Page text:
If the Arizal’s statement was not already difficult enough to understand, he takes his statement one step further. The Arizal says that not only would going out one second later have placed us beyond hope, but even if we had gone out just the slightest bit slower it would have been too late as well. Not only did we have to leave right away, but the pace itself had to be quick. Not only when we left, but how we left was important. What is the meaning of all this?
These questions all come back to the concept of time. In order to understand time, we must take a step back and look at the nature of physicality in general. Time is a dimension of physicality and in some ways is even emblematic of the physical. Therefore, our approach to physicality will illuminate our understanding of time.
Most spiritual schools of thought are focused wholly on the spiritual; they view the physical world as lowly and dangerous. They therefore claim that the physical should be avoided to the greatest extent possible. In order to live a spiritual life, one must escape the physical, completely rejecting their physical nature. Therefore, spiritual systems such as Buddhism prescribe meditation, abstinence, and the suppression of physical desire. In such a system, the ideal is to sit isolated on a mountaintop and meditate on our navel.
Avraham, however, introduced a novel, idealistic approach to life. He understood that while the physical can be dangerous if misused, the ideal is not to transcend the physical, but to use the physical to reflect something higher. In other words, he introduced the ideal Jewish spiritual system.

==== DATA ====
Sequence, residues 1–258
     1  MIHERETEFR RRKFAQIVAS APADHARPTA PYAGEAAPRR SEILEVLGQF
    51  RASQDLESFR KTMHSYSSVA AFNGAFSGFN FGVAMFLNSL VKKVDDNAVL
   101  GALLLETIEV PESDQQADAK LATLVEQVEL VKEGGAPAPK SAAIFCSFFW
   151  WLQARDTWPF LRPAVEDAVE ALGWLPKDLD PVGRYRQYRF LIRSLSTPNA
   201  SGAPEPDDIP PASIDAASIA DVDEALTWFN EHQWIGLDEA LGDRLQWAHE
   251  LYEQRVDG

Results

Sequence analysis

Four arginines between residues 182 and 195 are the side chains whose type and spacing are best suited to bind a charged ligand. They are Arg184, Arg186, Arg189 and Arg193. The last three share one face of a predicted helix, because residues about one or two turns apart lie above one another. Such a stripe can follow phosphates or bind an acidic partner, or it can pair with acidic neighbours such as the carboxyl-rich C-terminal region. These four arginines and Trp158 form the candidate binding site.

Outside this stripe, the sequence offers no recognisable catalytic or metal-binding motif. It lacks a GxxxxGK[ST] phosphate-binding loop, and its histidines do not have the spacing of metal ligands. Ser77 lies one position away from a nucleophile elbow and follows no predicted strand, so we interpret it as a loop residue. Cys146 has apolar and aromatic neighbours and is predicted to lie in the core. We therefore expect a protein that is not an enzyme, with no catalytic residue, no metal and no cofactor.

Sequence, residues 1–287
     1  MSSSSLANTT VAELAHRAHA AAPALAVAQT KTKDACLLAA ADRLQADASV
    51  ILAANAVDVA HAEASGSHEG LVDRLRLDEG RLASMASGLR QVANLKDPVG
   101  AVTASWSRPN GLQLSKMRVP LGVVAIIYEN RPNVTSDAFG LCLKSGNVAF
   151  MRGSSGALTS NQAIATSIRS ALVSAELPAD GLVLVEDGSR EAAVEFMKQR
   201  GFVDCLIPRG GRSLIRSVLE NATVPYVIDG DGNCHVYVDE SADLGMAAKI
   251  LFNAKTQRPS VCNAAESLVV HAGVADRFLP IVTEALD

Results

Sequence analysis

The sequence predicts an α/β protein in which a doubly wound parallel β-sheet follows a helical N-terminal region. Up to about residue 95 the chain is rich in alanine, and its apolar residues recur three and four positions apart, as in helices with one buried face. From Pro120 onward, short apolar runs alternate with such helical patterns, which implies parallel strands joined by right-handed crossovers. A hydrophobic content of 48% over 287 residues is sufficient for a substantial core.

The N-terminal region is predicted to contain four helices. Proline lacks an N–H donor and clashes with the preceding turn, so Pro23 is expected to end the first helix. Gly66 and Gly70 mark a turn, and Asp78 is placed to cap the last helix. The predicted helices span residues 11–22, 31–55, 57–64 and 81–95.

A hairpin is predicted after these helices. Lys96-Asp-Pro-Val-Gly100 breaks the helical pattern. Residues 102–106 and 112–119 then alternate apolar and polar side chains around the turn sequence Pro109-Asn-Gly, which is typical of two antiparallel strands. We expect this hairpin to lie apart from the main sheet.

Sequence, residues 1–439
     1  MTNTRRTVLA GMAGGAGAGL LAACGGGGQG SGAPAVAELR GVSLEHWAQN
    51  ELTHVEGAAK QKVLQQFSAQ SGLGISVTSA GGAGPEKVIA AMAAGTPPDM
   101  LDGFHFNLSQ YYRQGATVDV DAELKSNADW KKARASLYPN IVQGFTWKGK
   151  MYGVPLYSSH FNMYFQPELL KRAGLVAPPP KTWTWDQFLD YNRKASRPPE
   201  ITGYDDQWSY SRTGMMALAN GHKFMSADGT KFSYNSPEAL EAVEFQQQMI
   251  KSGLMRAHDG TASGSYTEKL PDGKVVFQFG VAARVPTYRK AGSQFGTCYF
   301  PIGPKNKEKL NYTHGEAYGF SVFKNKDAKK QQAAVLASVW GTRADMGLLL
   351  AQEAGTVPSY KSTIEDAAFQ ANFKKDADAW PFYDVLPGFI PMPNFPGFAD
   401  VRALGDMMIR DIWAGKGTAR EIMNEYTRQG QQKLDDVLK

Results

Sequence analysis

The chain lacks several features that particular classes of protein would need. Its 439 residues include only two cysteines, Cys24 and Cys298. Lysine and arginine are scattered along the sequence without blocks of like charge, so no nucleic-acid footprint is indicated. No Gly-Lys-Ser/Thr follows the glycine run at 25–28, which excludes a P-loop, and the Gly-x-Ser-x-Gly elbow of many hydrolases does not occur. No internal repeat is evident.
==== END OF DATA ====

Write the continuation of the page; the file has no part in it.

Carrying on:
Think, how many mitzvos are commandments of the mind? Incredibly few! You can count them on your hands: Believe in Hashem, love Hashem, be in awe of Hashem, don’t be jealous, and just a few others. The overwhelming majority of mitzvos are physical actions that connect you to the spiritual Source, Hashem. The act is physical, while the intentions and mindset must be infused into it. We eat matzah, shake a lulav, blow shofar, and wear t’filin; all actions, all physical. We don’t believe in transcending the physical; we wish to use the physical to connect to the transcendent.
The Condition: Control
While the ideal is for the physical to be utilized and elevated, there is an important qualification. When the physical is channeled properly, it enables the highest of spiritual accomplishments, but when misused, it has infinitely negative reverberations. We must therefore maintain control and focus while using the physical. Our root must be transcendent, fully connected to the spiritual, and only then, while maintaining that foundation, can we descend and use the physical. This is why the first stage in the process must always be transcendent. We begin with Yom Kippur, where we transcend as mal’achim (angels), and only then do we have Sukkos, in which we come back down and embrace the physical aspect of life. We start with the first night of Pesach, a night of transcendence, and then we descend into the physical world, where we build (count) our way to Matan Torah. Without rooting ourselves in the transcendent, we risk getting stuck within the physical.
Applying This to Time
Applying these concepts to time, we can understand the importance of using time – controlling it, rather than allowing it to enslave us. We have two options: We can either let time pass us over and push us through life, or we can pass over time and transcend its limitations. The key is to use time, not to be used by time. We need to learn how to ride the waves of time, harnessing the dormant potential within each moment. When we are passive in life, everything moves slowly – time becomes quicksand. A life without goals, without a schedule, where moments of time don’t mean anything, is a life stuck within the confines of time. Such a person can kill time, can waste an evening just to get to tomorrow. One who values time, who rides time, views time like money. Time is currency and you choose how to spend it. Every day we get 86,400 seconds, and how you use your allotted time determines what kind of life you live.